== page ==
As the musician Johnny Nash once said, “I can see clearly now; the rain is gone.” But to get that 20/20 vision, did Cliff visit an ophthalmologist, optometrist, or optician? Let’s find out.
An ophthalmologist is a medical doctor, or MD, who specializes in eye care. The title comes with eight whopping years of medical training: four years of medical school, plus an intern year and three years of residency. Ophthalmologists are licensed to diagnose and treat eye diseases, perform eye surgery, and prescribe and fit glasses and contact lenses; they may also be involved in scientific research relating to the eyes. Some ophthalmologists also have sub-specialties, such as glaucoma, retina, plastic surgery, or pediatrics. These sub-specialties require an additional two years of training, also known as a fellowship.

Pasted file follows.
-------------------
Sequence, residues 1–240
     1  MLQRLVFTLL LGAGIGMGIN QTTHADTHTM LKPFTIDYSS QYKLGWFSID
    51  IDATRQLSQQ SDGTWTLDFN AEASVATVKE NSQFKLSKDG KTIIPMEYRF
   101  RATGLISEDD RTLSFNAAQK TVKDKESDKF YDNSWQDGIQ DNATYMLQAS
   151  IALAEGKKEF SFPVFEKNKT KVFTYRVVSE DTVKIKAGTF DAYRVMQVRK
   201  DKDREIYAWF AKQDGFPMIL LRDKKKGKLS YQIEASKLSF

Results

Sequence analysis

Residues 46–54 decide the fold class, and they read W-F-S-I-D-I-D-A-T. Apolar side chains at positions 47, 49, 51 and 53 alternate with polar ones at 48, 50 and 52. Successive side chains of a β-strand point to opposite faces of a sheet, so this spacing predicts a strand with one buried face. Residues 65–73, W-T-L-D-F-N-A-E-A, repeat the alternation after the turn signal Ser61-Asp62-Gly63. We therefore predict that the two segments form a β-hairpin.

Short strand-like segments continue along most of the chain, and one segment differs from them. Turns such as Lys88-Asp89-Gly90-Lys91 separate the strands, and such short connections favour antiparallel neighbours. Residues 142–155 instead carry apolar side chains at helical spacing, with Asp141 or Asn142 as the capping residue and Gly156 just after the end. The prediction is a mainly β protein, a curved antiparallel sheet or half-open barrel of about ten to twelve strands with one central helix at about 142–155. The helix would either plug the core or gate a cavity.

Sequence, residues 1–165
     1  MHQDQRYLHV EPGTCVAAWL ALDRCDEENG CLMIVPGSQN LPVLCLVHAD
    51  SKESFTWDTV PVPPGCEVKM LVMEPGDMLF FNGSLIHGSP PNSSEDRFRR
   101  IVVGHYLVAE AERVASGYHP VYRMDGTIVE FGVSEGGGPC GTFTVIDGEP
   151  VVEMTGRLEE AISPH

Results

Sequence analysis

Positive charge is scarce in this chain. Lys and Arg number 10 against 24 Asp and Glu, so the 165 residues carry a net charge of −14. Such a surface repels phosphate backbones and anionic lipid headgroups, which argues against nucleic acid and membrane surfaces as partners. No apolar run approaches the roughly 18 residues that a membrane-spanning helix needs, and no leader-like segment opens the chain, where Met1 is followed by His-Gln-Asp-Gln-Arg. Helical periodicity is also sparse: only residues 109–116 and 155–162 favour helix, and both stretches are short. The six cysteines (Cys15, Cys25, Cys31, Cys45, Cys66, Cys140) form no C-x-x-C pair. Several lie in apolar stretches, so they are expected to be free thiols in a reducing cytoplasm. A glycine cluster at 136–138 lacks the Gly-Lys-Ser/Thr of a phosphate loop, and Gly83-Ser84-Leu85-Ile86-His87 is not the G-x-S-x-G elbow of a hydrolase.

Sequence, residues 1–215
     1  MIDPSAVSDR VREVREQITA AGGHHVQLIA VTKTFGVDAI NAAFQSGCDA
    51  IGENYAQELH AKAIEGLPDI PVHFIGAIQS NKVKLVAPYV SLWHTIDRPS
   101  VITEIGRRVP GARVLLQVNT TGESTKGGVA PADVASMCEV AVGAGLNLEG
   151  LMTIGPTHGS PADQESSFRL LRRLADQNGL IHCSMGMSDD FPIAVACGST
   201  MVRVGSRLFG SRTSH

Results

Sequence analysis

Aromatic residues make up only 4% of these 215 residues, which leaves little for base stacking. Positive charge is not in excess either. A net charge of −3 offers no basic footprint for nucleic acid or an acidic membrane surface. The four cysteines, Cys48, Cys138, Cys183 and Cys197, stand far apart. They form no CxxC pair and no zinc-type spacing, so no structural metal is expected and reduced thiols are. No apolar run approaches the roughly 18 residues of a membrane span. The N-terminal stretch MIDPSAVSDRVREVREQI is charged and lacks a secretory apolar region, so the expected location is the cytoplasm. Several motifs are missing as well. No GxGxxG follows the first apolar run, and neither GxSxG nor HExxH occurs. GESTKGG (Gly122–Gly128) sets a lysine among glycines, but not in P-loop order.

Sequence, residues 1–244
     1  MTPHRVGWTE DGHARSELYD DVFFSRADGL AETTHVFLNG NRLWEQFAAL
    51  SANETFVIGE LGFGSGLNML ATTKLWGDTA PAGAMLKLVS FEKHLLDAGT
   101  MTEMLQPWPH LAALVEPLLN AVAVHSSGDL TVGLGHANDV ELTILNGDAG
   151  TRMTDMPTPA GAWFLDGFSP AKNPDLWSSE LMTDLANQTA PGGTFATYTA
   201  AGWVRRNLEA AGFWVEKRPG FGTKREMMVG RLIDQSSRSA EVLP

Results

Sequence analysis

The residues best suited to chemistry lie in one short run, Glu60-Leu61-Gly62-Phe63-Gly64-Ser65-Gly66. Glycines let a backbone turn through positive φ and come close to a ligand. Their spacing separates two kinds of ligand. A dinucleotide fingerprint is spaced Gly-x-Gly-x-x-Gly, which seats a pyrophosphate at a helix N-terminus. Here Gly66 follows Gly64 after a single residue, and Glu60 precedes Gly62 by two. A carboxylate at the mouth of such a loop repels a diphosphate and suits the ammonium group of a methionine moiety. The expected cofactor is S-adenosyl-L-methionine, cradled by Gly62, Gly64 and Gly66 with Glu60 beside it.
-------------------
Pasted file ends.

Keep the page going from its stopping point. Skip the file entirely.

An optometrist is not a medical doctor, but a Doctor of Optometry, or OD. Getting an OD requires four years of optometry school; after graduation, one is licensed to perform eye exams and vision tests, prescribe glasses and contacts, test for certain eye diseases, and prescribe medications for certain eye-related diseases.
Opticians are healthcare professionals who are trained to design and fit glasses, contacts, and other corrective devices. To become an optician, one must complete one to two years of schooling. They don’t do eye exams or vision tests themselves—they use prescriptions provided by MDs or DOs—and aren’t permitted to diagnose or treat eye diseases.